While Silicon Valley undoubtedly leads the way in producing AI-based healthcare start-ups, there are European companies that are hoping to rival them in the future. Babylon Health is one of many UK innovators. It has developed a patient-centered remote consultation service which is available in the UK (it works with the NHS) and parts of Africa and there are plans to roll out globally. The service is constructed around an app that quizzes users about their health and then pairs them with a relevant person or organisation who can offer further medical assistance.
A leading company that is innovating in this field is Norwegian firm Boost. It originally focused on working with companies in the financial sector in Scandinavia. However, thanks to broadening its product range, which was aided by a sizable venture investment, Boost now has expanded and boasts offices on both sides of the Atlantic.
Another interesting Norwegian start-up, Huddly combines hardware, software and AI to deliver a range of innovative camera products which are mainly used for video conferencing. AI powers the camera’s on-board neural engine so that it can understand and respond to an environment, optimise the performance of the camera, automate manual processes and deliver a useful suite of analytical data.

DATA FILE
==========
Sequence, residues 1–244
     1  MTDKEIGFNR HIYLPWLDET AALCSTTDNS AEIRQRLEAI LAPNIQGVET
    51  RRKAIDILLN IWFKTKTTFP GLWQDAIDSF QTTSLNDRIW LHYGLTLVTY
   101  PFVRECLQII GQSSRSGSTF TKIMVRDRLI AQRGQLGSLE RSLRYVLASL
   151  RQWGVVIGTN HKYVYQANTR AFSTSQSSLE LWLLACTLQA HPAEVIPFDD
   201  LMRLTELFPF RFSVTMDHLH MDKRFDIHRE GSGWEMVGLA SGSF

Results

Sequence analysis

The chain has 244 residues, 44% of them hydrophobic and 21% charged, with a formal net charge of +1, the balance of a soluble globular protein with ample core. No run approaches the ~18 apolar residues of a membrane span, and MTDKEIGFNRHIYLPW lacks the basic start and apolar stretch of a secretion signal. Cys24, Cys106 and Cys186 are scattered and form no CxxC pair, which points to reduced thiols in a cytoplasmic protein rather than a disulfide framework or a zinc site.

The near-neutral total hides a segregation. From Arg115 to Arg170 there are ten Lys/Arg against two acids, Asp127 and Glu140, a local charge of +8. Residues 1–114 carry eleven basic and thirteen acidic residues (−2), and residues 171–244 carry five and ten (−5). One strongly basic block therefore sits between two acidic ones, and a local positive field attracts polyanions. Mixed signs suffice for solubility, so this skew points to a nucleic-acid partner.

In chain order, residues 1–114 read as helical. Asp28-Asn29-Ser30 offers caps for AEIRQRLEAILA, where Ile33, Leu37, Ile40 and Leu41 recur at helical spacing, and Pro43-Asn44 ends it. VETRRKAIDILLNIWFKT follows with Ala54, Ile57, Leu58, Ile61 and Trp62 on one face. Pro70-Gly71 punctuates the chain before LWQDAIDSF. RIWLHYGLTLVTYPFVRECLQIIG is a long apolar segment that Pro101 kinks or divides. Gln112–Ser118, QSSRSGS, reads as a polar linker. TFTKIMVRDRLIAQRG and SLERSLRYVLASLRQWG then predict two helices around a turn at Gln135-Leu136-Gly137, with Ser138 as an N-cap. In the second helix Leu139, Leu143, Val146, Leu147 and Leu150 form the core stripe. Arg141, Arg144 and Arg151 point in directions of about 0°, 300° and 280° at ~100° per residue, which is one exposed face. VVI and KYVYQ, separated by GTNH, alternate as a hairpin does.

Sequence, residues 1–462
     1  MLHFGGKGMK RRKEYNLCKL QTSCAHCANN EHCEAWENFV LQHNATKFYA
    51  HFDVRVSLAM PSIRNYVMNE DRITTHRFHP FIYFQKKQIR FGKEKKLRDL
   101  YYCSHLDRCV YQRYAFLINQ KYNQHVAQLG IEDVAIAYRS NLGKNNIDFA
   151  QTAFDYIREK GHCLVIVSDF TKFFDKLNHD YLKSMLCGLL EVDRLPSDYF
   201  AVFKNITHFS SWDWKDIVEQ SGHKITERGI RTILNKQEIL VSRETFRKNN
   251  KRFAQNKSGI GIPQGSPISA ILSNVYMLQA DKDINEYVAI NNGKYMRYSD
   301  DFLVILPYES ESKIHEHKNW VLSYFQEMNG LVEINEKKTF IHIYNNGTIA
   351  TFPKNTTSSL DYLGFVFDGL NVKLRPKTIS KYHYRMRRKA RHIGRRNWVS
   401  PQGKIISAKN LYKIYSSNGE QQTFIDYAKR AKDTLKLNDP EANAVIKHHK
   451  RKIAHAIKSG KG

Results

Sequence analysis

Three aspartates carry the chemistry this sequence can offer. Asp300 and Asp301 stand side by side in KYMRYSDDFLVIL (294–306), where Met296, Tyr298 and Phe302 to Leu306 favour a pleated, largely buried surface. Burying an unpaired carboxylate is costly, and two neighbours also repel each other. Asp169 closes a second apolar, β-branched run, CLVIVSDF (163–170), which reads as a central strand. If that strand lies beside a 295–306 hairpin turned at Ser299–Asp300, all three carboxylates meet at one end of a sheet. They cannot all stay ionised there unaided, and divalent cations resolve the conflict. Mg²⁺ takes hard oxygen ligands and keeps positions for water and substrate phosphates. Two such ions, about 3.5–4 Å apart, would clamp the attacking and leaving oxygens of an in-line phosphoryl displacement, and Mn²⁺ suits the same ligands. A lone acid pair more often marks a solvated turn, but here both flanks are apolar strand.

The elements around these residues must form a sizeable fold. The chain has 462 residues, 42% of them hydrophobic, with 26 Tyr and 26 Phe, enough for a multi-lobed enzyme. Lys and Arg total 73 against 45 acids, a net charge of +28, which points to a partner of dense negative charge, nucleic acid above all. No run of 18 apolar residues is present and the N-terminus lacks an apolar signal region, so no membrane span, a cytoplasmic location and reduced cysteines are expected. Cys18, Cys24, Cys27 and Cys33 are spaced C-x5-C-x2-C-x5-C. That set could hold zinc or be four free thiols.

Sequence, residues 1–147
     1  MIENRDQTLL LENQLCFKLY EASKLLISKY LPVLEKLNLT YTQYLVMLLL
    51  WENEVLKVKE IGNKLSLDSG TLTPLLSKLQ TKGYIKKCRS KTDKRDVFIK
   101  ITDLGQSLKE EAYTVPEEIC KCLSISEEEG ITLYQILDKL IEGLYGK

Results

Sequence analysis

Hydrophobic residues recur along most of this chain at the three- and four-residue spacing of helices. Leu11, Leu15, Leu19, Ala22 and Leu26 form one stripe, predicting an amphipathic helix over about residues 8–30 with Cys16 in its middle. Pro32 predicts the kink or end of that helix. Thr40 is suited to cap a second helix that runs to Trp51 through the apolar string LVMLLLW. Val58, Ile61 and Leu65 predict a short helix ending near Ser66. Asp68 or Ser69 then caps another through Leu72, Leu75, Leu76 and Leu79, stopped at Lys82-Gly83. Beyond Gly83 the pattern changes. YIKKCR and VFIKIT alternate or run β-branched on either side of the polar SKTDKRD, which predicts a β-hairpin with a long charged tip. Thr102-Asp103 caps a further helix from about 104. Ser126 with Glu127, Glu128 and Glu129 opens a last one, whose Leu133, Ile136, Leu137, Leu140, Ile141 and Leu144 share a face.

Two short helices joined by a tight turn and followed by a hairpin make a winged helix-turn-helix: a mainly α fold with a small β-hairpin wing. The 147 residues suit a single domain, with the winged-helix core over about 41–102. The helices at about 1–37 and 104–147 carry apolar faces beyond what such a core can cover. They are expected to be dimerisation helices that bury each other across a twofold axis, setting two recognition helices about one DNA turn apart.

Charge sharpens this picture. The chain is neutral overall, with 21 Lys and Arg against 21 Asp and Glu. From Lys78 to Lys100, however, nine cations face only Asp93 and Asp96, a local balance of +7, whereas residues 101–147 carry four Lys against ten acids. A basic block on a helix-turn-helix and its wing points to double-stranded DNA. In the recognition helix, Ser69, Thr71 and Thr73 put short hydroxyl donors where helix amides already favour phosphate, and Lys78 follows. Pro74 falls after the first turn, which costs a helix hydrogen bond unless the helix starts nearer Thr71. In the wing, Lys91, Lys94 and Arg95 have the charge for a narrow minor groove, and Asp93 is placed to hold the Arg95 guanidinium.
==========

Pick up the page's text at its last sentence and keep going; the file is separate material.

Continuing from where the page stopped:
The company, which aims to try to democratise healthcare across the world, has a significant war chest. It recently raised $550m, valuing the firm at more than $2bn. It claims this is the largest-ever fundraise in Europe or the US for digital health delivery. There is no talk yet of an IPO, but it is clearly an option that’s open to the company in the not too distant future.
There is a huge race at the moment to develop the elements that will power autonomous vehicles. Some companies such as Waymo, which is owned by Google’s parent Alphabet, are attempting to offer high-quality sensors, while others such as TomTom are focusing on maps.